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Their Tales of the Great Trek for Peace Begin

February 23, 1986|BOB SIPCHEN

On a pleasant April day about 600 years ago, Geoffrey Chaucer's 29 poetic pilgrims took off for Canterbury to pay homage to a martyred saint. On March 1, rain or shine, about 30 pilgrims of sorts from Orange County--out of a total of about 1,500 at last count--will be setting off for Washington on The Great Peace March.

One march organizer said of the latter event, "It's going to make a lot of saints."

Pre-departure giddiness aside, the Orange County marchers, who have been getting to know each other at informal meetings, potlucks and fund-raisers for weeks now, are at least as eclectic a band as the odd assortment of medieval characters who introduced themselves at Chaucer's Tabard Inn. And like the Knight and Miller and Wife of Bath, they, too, have tales to tell--although they are reluctant to recite them in rhymed couplets of Middle English.

The Wife of Irvine's Tale

"I used to be a very fearful person, but these last 3 1/2 years I've been able to make a lot of change, mainly by saying yes to risk," said Patti Dornan, 44, of Irvine. Last May, Dornan's husband, Ed, came home from a speech by PRO-Peace founder David Mixner and suggested that, since he couldn't leave his position as professor of literature at Orange Coast College, it might not be a bad idea for his wife to take a 3,235-mile stroll across the country. "I said yes without realizing what that meant," Patti Dornan said.

With only days remaining before she was scheduled to report to the preliminary site of the PRO-Peace (People Reaching Out for Peace) traveling "city," in the San Fernando Valley, "what it meant" was finally beginning to sink in for Dornan. Among other things, being part of the peace march means leaving her husband and her 14- and 15-year-old boys for nine months--and teaching them a few of the things they have taken for granted, such as paying the bills and doing their own ironing and cooking, she said.

It also means she will have to start thinking about making a few adjustments in her own way of life.

For instance, Dornan is going to have to get used to waking up at 5:30 each morning and walking about 15 miles a day for 255 days (rest days excluded). With that in mind, she has been walking and running about eight miles a day in the Irvine hills, she said. As The Marcher Preparation Manual provided by PRO-Peace suggests, Dornan purchased a good sleeping bag and a sleeping pad. She also picked up two pairs of Roc-sport "pro walker" shoes and two pairs of running shoes, "blister resister" socks, silk long underwear, a Gore-tex running suit and extra clothing--all of which she has to stuff into two plastic boxes (13x15x11 inches and 13x17x11 inches) that will slide in and out of a locker mounted on a specially designed luggage truck. And she is designing a color-coding system for the nylon mesh laundry bags that each hiker will periodically turn over to PRO-Peace volunteers to be tossed into industrial washing machines mounted on a trailer.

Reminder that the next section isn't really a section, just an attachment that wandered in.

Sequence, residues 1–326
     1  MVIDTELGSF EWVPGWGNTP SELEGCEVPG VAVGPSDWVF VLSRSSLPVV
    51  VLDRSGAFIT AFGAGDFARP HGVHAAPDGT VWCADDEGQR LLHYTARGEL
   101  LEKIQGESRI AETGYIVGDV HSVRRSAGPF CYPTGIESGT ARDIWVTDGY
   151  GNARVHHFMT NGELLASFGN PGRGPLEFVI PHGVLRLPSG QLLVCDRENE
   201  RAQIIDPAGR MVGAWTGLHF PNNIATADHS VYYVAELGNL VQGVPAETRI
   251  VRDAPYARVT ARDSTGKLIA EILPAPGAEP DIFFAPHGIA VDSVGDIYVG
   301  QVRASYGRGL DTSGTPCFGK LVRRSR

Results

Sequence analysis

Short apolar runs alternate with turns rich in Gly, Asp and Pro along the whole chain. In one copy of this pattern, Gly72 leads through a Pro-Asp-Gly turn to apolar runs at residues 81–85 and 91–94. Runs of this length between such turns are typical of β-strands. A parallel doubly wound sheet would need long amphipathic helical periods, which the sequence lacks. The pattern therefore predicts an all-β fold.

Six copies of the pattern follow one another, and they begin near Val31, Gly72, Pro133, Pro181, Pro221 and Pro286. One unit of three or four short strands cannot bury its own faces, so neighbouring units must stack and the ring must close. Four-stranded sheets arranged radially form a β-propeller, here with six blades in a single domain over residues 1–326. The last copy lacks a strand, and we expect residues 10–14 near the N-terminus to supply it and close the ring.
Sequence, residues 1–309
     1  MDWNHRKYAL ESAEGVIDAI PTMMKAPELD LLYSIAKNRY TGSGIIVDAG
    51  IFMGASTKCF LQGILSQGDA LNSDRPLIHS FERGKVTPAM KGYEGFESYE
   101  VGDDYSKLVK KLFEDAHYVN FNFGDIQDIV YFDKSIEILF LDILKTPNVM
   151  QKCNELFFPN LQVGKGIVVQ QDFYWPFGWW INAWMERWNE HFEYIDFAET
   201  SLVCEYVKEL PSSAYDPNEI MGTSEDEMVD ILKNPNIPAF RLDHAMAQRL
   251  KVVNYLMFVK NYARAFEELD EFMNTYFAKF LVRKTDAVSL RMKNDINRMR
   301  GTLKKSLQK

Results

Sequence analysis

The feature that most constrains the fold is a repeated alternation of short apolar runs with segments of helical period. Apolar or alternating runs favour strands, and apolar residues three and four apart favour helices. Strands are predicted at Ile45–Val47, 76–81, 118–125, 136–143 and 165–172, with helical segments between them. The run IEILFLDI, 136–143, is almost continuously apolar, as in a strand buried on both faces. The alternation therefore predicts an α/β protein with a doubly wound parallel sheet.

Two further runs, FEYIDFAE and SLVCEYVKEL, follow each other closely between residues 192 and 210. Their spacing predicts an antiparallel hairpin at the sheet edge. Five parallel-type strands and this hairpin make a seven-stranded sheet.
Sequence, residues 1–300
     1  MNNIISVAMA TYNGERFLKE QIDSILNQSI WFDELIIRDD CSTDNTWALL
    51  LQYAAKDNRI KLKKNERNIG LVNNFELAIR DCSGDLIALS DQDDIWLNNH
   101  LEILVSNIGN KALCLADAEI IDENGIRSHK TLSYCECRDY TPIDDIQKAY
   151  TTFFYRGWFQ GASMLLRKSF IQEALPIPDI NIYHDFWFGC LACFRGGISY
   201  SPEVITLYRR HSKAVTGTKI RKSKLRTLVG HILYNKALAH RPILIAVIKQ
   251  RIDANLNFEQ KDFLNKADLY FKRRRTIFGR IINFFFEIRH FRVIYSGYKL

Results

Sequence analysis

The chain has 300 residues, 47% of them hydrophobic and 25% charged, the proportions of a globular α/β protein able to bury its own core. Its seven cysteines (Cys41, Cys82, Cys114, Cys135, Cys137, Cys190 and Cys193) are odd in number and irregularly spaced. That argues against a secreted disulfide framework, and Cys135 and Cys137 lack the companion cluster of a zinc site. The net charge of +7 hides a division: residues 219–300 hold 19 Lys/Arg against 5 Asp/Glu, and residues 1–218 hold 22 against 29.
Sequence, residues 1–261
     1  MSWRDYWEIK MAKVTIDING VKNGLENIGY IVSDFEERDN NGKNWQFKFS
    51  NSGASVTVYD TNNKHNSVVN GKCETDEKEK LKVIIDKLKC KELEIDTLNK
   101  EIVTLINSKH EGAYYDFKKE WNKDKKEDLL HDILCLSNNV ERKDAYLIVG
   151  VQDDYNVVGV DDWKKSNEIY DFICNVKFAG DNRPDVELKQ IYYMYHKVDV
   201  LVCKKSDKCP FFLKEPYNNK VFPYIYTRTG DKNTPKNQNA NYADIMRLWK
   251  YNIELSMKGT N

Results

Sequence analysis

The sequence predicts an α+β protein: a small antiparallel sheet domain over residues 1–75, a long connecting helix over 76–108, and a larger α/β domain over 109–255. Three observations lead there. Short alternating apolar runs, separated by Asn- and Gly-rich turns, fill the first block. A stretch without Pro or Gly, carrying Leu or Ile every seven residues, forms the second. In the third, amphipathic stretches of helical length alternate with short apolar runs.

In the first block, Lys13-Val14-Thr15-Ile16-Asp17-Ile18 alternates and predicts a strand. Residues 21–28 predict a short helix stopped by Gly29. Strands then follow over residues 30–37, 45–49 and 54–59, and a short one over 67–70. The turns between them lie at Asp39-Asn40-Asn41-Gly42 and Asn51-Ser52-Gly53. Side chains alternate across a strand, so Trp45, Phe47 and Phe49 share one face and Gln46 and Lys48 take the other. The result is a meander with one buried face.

"This isn't easy for a lot of us to do--to just let go of everything and leave," Dornan said. Such an undertaking has particular significance for her though, she added, explaining that four years ago she experienced a severe anxiety attack and a "tremendous" fear of driving that kept her from venturing far from her house. In the past few years, though, she has overcome that fear, and last year she chauffeured herself 1,800 miles around Nebraska, she said. Now she sees "the March" as the culmination of her own "awakening," as well as "a chance to wake up people who may not even know they're sleeping."

"I'm not a political activist, and I don't even see this as a political movement. I see it as a way of being a collective voice to get people off of the sofa, where they're sitting and feeling that there's no hope for the world. I see it as a way of putting sparks into people and helping them appreciate that they're not powerless. It will give us a voice to say we want peace and nuclear disarmament.

"I can honestly say I am not worried about anything (about the march)," Dornan concluded, with this afterthought: "Every once in a while I ask myself: 'Do I really want to give up all those hot showers?' "

The Psychologist's Tale

"I've been thinking about the emotional aspects of the march, about the behavioral aspects. I think we're going to be in for some stressful times," said Pat Walsh, 62, of Lake Forest.

Walsh, who retired last month as a psychologist with the Orange County Health Department, said he got his first inkling that the nuclear arms race might pose a threat during the 1956 presidential campaign, when Sen. Adlai Stevenson told a San Diego audience about the pollution nuclear testing caused. "I didn't do much about it then," Walsh recalled.

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